French Bloke Runs

Shut up and run!

Tag: Indifferent deer

Bushy Park 10K in August

As part of my training for my next Half-Marathon, I have to run a couple of 10K races and I decided to run the Bushy Park 10K again. I already ran it last January and I accomplished the feat of establishing a new PB despite the cold and the mud, so I thought I could repeat this achievement in the summer. But I had a sub-optimal preparation for this race: I ran all my hills, intervals and easy runs but I spent the past 2 weeks drinking – first for a stag do, then with a very good friend who came visiting for a whole week. Not only that, but I had to get up at 5am the day of the race to bring said friend back to the station, so saying that I was tired before the race is an understatement.

Deer at Bushy Park

Deer at Bushy Park

Anyways, I arrived at Bushy park early, which gave me time to rekindle with my friends the indifferent deer who just care about chewing grass. As part of my usual routine, I went to the loo, tied a double-knot on my shoes and I then warmed up for the race with the usual 10 minutes easy run followed by some dynamic stretching and some more funny running warm-ups (skipping, side steps, high knees, high heels, etc). I then showed up on the starting line with my brand new Serpentine running vest, it feels good running with colours to represent. There were runners from other clubs but I was the only one from Serpentine and I figured I had to do well for the club.

When the start signal was given, I started running a bit too fast so I paced myself. I was aiming towards beating my PB so I kept a pace between 4:00 and 4:10 minutes per kilometre. By chance, another chap was running at the exact same pace right from the start! So I used him as a pacemaker (or maybe he was using me as a pacemaker), we ran alongside each other for the bigger part of the first 5k lap. It was hard but I though I could sustain it. Then, a few hundred metres before the 5th kilometre, my legs didn’t want to carry on and my pace dropped slowly. My pacemaker carried on and I saw him take the lead on me little by little. I finished the first lap in 21:09, which was perfect for my target of beating my PB: I just had to catch up on my pacemaker and that would be it! But my legs really didn’t want to carry on and my pace continued to drop. At the 6th kilometre, another bloke caught up on me and asked me if I was alright, to which I answered that I had started too fast and that I now didn’t think I would be able to run under 42:22 as originally planned. He too overtook me after a while, with a bunch of other runners. After the 7th kilometre, my legs were so reluctant that my only goal was to finish the race and not to give in to the desire to walk. My pace continued dropping and I was now even slower than my Half-Marathon pace and I was dangerously approaching my easy run pace. But my legs were hurting more and more and I was just fighting to continue running. The 2 weeks of non-stop drinking really took their toll on me. But because I was wearing the club’s colours, I had to carry on at all cost. One of the deer even jogged alongside me for a couple hundred metres and this gave me a bit of courage. And I did it, I ran until the end despite the fatigue. I finished 14th with the lame time of 44:56 but I was happy anyway because I hadn’t given up. It seems I wasn’t the only one to under perform: I had a chat with a guy who finished 2 minutes slower that he expected. Had I finished 2 minutes and 30 seconds faster, as originally planned, I would have finished 9th or 10th, I would have loved it!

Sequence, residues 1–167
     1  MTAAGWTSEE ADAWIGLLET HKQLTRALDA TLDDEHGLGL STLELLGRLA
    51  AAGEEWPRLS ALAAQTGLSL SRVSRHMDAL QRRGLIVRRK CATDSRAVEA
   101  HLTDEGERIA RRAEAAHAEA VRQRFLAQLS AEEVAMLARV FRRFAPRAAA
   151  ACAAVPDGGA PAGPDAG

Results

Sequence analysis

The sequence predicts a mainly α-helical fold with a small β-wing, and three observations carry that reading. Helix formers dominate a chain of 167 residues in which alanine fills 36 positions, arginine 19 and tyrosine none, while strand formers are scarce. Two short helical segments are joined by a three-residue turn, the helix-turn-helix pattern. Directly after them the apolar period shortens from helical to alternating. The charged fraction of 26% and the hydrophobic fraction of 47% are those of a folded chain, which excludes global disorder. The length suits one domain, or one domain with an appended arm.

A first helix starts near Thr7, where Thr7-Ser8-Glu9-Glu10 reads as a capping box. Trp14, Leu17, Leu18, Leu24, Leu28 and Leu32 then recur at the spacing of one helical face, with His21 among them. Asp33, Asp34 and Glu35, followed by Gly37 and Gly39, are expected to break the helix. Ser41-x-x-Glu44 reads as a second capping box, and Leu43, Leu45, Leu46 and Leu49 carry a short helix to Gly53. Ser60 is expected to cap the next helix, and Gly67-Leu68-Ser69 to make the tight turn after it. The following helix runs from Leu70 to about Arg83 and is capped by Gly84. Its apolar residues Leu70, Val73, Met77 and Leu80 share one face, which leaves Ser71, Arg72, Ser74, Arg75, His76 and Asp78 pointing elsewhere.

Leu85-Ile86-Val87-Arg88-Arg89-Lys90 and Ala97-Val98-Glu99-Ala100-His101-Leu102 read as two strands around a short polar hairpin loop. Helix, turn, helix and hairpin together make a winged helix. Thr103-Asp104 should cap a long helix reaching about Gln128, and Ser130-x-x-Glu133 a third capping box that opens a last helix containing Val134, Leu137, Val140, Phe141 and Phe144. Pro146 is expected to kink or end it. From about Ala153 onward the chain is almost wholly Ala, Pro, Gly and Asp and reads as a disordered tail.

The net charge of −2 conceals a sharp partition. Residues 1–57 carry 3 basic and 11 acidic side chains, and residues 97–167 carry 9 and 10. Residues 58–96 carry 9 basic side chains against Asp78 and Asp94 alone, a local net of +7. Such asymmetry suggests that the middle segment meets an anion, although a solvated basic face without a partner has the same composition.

So the general feeling after this race was disappointment, but it also gave me motivation to get back to a healthier and less alcoholic lifestyle. Hopefully I can beat my 10K PB in September!